Juncker wants more eurozone activism
Re-elected as president of the 16-member bloc of EU states that use the euro currency, Luxembourg's prime minister, Jean-Claude Juncker, spelled out his vision for the group at a meeting of finance ministers on Monday evening (18 January).
Previously an informal configuration, the EU's new rulebook - the Lisbon Treaty - gives legal status to the group of euro area finance ministers, setting it the goal of "ever closer co-ordination of economic policies within the euro area".
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"The scope for its activities is much broader," Mr Juncker told journalists at a news conference after the meeting, adding that finance minister had approved his "outline programme of our future work".
Mandated to lead the group for another 2.5 years, the inveterate European politician said members should focus on co-ordinating spending, work to bring their economies closer together and push for a stronger voice internationally.
"It's not a question of adding bureaucratic layers, but of adding value to our economy," said Mr Juncker.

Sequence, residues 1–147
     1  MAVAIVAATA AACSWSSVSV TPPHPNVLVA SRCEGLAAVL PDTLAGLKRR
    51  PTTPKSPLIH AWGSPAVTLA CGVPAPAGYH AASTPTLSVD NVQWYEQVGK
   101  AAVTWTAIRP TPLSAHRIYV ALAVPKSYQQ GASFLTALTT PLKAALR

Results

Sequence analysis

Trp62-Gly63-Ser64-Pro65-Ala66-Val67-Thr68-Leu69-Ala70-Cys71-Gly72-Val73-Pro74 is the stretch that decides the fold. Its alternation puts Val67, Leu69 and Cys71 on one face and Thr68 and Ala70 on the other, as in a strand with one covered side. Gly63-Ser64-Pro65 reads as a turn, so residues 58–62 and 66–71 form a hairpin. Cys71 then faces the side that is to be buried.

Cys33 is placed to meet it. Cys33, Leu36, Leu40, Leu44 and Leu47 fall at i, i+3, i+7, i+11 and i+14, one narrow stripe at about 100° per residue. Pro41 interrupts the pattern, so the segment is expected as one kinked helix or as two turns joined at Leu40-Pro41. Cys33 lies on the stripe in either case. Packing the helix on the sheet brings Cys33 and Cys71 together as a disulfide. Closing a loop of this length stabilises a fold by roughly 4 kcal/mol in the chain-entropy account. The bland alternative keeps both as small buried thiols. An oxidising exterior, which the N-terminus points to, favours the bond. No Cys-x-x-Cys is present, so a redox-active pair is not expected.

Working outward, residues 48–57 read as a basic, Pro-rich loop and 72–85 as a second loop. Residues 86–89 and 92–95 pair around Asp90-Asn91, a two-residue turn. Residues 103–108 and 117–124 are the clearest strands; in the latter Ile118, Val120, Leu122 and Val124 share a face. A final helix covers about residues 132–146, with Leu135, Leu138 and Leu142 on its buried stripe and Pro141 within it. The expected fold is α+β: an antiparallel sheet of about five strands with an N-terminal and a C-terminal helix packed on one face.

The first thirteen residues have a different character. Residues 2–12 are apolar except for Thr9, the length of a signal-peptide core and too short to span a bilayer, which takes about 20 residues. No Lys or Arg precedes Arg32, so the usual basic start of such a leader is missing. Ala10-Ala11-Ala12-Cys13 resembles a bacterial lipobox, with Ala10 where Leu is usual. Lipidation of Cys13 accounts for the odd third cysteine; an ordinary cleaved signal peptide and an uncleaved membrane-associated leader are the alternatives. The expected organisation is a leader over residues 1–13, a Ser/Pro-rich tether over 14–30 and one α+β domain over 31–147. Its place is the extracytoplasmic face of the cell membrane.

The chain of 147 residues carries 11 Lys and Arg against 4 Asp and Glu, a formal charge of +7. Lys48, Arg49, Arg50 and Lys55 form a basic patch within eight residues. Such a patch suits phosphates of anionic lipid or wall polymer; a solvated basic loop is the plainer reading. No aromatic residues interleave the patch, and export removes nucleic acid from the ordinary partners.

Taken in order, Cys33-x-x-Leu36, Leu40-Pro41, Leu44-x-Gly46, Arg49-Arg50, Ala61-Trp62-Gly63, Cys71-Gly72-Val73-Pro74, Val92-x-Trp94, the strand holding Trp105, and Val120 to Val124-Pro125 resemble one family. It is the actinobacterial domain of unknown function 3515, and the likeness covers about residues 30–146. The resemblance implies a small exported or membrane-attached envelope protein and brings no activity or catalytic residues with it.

As part of an "enhanced" co-ordination of member states' economic policy, efforts will be made to reduce the huge imbalances in economic productivity within the group, while perspective members will be subject to more rigorous testing to make sure their economies are up to scratch.
Mr Juncker also said the European Commission was set to formally propose that the eurogroup become a member of the Group of 20 major economies and that a small secretariat of "four to five" civil servants would be set up in the Council of Ministers building in Brussels to prepare the currency club's monthly meetings.
The Luxembourgish politician's ability to push the agenda forward will depend on member-state support however, with Franco-Spanish enthusiasm for greater economic co-ordination tempered by German concerns it could lead to an erosion of independence of the European Central Bank.
Greece was also very much on the agenda of the 16 finance ministers' meeting, after the country presented the commission with a new plan on Friday, outlining how it will cut its budget deficit from the 12.7 percent of GDP recorded in 2009 to under 3 percent by 2012.
Particular criticism has been directed at the southeastern country's repeated tendency to provide the European statistics office - Eurostat - with inaccurate data.
Also present at Monday's meeting, EU economy commissioner Joaquin Almunia said the European executive body would propose a plan in February to "try to find solutions to the negative aspects and failures of the statistics system in Greece."
The action plan, to be followed up with close monitoring, is a further significant step towards a direct EU say on the running of economic policy in a eurozone member state.